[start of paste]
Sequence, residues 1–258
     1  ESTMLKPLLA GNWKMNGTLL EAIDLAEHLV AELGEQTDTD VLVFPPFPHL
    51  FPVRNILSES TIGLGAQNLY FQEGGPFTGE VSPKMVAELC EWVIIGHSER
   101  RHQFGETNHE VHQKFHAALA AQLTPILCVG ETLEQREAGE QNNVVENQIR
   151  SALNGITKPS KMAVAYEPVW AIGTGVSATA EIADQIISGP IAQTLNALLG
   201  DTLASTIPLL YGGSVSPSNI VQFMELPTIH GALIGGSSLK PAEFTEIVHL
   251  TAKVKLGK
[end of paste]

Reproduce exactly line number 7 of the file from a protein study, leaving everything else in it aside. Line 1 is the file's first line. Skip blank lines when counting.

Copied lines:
   251  TAKVKLGK